1. The facts which have given rise to this appeal, lie within a very narrow compass. On 4th June 1926, Mulu executed a deed of gift in favour of Mohammad Sharif Khan, his maternal grandson. The deed of gift comprised three kinds of property, (a) a house, (b) a kolhu and (c) shares in 14 plots. The last mentioned property forms part of a fixed rate holding, held by Mulu, jointly with Gausi and others.
2. The defendants did not allow the plaintiff to take possession of this property; hence the suit for a declaration of title to a one-third share out of 3.96 in the fixed rate holding with a prayer for possession in the alternative.
3. The suit was resisted mainly upon the ground that the donor had not delivered possession to the donee under the deed of gift, and that no valid title had passed to the plaintiff. The Court of first instance repelled this plea and gave the plaintiff a decree for possession. The lower appellate Court has affirmed this decision.
4. The main contention put forward by the defendants-appellants is, that the property in suit, is in the possession of the defendants and that the donor was not in possession of the same on 4th June 1926, when the gift was made in favour of the plaintiff. The law on the point is clear. There could not be a valid gift in favour of any person so long as there was no delivery of possession by the donor to the donee. Whether the gift has not been perfected would depend upon the nature of the property donated and the nature of possession having regard to the character of the property. The question is whether the donor had done everything which reasonably lay in his power to do in order to complete the gift. It has to be remembered that Mulu, the donor and the defendants were co-owners in the property in dispute. It has also to be remembered that the lower appellate Court has arrived at a distinct finding that the possession of the defendants is not adverse to that of Mulu. The further fact which has to be borne in mind is that the present action has been launched by Mohammad Sharif Khan, who is a minor with Sheikh Mulu his maternal grandfather as his next friend.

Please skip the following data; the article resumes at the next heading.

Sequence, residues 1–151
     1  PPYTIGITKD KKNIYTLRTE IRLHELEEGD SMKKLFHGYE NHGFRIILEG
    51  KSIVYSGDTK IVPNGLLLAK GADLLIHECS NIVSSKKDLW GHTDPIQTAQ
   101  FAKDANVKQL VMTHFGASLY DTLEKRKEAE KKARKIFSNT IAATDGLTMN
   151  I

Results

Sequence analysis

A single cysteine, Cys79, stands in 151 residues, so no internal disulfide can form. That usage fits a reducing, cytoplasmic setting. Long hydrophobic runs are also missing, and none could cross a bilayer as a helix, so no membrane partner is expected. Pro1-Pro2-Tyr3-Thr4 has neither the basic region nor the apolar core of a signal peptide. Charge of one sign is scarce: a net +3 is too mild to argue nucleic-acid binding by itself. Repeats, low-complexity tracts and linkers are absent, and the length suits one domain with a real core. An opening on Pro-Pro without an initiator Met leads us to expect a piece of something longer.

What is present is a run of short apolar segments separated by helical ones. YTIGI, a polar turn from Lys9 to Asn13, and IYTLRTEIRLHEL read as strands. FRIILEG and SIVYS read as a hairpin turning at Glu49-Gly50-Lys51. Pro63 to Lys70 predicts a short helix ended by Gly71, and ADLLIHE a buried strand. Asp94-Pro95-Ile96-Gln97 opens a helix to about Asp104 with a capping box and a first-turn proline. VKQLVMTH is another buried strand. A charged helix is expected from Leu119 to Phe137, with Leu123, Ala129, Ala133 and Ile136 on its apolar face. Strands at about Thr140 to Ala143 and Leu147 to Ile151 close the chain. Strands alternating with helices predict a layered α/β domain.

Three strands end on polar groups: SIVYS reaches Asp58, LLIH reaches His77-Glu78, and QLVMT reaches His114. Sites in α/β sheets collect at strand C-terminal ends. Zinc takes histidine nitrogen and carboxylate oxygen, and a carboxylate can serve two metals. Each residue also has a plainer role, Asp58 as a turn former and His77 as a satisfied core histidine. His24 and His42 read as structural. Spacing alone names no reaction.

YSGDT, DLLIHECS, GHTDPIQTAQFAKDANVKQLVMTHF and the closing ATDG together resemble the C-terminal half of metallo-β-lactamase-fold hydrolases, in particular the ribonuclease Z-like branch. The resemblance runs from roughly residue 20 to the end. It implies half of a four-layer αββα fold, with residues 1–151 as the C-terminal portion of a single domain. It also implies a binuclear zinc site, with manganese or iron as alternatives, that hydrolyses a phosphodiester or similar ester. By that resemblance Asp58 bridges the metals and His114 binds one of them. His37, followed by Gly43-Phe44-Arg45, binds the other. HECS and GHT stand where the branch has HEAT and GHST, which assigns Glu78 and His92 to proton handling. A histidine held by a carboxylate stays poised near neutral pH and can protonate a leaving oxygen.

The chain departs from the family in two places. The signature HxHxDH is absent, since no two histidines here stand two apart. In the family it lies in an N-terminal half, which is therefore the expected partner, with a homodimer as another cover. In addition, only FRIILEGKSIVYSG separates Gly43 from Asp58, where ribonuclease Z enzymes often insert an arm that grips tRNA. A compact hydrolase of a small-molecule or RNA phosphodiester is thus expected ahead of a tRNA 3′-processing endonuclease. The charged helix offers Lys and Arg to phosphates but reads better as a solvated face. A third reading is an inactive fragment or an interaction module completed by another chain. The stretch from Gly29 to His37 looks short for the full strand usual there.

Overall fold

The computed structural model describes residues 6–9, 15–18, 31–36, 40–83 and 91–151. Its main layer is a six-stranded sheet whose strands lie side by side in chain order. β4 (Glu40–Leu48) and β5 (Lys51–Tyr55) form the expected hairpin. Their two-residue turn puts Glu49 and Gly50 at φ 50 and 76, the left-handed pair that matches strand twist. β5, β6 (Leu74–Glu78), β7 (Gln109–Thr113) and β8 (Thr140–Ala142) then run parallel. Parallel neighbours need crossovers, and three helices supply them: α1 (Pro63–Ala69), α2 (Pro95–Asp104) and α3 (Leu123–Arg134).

5. It has been contended by the respondent that the lower appellate Court intended to find that Mulu, the donor, was in constructive possession of the fixed rate holding at the time of the gift, and he made a constructive delivery of possession in favour of the plaintiff-respondent. I have been taken through the judgment of the lower appellate Court and I do not find that there is a clear finding on this point. For the proper disposal of this appeal, I think it necessary to remit the following issue:
Was Mulu, the donor, in constructive possession of the property gifted, on 4th June 1926, and did he constructively deliver possession thereof to Mohammad Sharif Khan, the plaintiff-respondent
6. The lower appellate Court is directed to submit its finding on the above issue within two months of the receipt of the record. Upon return of the finding that the usual ten days' time will be allowed for objections.
7. (On receiving the finding his Lordship delivered the following)